Certification Survey Extra is a series of periodic dispatches that give added insight into the findings of our most recent Certification Survey. These posts contain previously unpublished Certification Survey data.
Things haven't yet gotten so bad that there's breaking news about a major data breach every time you check the latest headlines. And yet it sometimes feels like successful attacks on high-value data-rich targets have become something pretty close to commonplace. The fear and hand-wringing runs its course in a week, or a month, and suddenly "Equifax" is just another past scandal that gets name-checked in the first couple of paragraphs of articles bemoaning the state of cybersecurity.
During the couple of news cycles when the outrage is fresh, there are probably more than a few individuals out there muttering some variation of the phrase "There ought to be a law." And not some sort of legal impediment to hackers, either, or at least not directly. Nearly every breach is accompanied by reports of cybersecurity negligence that is often appalling and almost always infuriating. Can't we force these companies to protect themselves?
I mean, yeah, probably not. But in the immortal words of Stanley Tucci from 2003 sci-fi disasterpiece The Core, "What if we could?" Maybe the average Joes and Janes whose information keeps getting stolen couldn't do it. The federal government, on the other hand, using the right combination of regulations and laws, might have the influence to make something stick.
This is the fifth in a series of articles drawn from our recent Cybersecurity Certification Survey about the role of government in cybersecurity. Previous articles in the series can be found here:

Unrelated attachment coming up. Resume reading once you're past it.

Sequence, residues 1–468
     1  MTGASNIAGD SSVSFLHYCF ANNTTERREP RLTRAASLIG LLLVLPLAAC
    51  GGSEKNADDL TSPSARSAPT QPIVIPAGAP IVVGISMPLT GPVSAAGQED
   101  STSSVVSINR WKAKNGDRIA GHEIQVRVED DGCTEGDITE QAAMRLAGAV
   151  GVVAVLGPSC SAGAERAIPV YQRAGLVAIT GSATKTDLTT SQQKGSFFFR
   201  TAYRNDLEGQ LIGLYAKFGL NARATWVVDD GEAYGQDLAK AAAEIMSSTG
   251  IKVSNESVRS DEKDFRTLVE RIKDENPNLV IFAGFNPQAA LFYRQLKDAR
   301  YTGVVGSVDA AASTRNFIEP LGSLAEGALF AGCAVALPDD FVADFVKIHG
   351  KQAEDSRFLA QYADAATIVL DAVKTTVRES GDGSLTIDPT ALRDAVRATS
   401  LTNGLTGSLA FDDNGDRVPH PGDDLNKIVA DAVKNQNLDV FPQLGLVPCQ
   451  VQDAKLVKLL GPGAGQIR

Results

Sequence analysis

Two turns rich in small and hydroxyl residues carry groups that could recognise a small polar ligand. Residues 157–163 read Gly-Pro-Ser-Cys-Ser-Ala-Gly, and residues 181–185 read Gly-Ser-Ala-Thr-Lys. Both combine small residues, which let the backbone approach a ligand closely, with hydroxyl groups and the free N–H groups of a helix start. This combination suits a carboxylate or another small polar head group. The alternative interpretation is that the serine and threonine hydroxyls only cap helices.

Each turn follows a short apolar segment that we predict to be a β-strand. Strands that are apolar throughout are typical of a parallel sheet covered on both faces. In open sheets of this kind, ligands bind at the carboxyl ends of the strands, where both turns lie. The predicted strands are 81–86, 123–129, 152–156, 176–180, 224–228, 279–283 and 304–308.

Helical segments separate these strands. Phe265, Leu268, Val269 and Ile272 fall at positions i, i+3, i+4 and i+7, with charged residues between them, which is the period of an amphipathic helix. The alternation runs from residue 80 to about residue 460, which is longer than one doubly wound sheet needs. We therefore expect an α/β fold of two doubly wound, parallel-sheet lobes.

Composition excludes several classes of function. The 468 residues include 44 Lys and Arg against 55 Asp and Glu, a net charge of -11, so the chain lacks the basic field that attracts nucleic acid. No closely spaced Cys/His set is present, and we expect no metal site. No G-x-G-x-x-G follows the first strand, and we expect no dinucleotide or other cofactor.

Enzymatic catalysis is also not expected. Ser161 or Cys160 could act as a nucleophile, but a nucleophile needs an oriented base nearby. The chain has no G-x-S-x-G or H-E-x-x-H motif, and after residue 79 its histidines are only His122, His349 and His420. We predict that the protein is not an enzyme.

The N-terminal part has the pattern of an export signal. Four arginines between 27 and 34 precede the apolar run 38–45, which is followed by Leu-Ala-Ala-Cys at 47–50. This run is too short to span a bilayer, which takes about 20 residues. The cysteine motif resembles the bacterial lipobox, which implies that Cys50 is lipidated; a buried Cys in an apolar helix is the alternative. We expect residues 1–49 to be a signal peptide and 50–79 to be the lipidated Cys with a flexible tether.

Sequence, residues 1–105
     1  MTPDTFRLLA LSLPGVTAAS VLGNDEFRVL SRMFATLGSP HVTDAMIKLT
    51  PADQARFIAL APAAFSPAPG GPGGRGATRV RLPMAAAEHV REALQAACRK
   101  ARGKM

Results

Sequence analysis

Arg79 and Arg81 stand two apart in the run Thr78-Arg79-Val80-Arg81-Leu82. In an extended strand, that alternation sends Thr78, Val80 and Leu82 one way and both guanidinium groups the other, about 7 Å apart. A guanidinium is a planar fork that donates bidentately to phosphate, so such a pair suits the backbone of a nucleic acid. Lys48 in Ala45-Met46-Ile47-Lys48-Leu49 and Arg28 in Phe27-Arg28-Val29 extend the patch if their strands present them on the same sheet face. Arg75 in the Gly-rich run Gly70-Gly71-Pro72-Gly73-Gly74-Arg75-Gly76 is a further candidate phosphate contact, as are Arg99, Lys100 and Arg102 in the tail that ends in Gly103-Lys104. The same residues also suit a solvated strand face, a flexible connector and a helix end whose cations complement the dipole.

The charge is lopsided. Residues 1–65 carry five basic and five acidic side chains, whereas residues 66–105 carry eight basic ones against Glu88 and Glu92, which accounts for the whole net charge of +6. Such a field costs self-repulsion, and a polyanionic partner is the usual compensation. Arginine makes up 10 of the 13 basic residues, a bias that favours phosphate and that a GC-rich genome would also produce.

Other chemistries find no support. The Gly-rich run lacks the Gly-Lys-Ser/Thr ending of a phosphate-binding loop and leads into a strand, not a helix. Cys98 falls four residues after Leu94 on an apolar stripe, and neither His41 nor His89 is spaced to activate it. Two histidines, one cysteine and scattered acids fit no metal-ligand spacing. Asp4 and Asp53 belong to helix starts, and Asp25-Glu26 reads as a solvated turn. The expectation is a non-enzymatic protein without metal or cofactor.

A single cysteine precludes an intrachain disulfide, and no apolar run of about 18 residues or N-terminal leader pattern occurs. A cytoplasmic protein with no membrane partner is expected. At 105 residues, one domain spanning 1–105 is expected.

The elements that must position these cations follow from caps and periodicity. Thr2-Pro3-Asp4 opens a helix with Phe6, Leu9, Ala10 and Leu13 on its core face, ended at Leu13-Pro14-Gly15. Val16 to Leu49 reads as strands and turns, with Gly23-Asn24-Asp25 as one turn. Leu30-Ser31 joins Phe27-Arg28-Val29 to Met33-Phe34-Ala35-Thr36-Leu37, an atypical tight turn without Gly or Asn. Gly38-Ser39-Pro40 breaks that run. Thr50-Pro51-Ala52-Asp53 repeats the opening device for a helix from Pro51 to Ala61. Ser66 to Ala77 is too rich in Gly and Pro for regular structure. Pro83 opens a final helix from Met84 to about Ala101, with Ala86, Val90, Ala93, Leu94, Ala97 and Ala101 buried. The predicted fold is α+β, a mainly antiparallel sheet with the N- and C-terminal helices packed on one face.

The Role of Government in Cybersecurity, Part 1
The Role of Government in Cybersecurity, Part 2
The Role of Government in Cybersecurity, Part 3
The Role of Government in Cybersecurity, Part 4
Should government put the screws to businesses and private organizations that are playing with fire by using outdated protection policies and software? Should there be fines? Temporary shutdowns? Litigation? We'll leave further debate over the details for another day. In our most recent Certification Survey, however, we did ask a couple of questions about how hard government should push for cybersecurity reform.
Here's what we learned by asking survey respondents — certified cybersecurity professionals, don't forget — to rate their level of agreement with the following two propositions:
Government should aggressively promote stronger security controls for businesses and private organizations.
Strongly Agree: 25.5 percent
Agree: 47.7 percent
Neither Agree nor Disagree: 18.3 percent
Disagree: 6.5 percent
Strongly Disagree: 2 percent
Government should mandate stronger security controls for businesses and private organizations.
Strongly Agree: 16.5 percent
Agree: 29.2 percent
Neither Agree nor Disagree: 32.5 percent
Disagree: 16 percent
Strongly Disagree: 5.8 percent
Two things are immediately evident. Certified cybersecurity professionals generally believe that there is a role for government to play. They're a lot more comfortable, on the other hand, with that role being limited to strong words.
There is, it would seem, a belief that directly forcing businesses to protect sensitive data is outside the proper purview of law. Because it's wrong? Or because we just aren't comfortable with the idea yet? Once upon a time there was resistance to the idea of enforcing basic protections for workers, including highly vulnerable and irresponsibly endangered workers. Today we have child labor laws.
Maybe forcing businesses and private organization to protect sensitive data — the kind of personally identifying information carelessly exposed prior to the Equifax hack (Heard about that one?) — is bad policy. Or maybe it's just an idea whose time hasn't come, but may be getting here soon.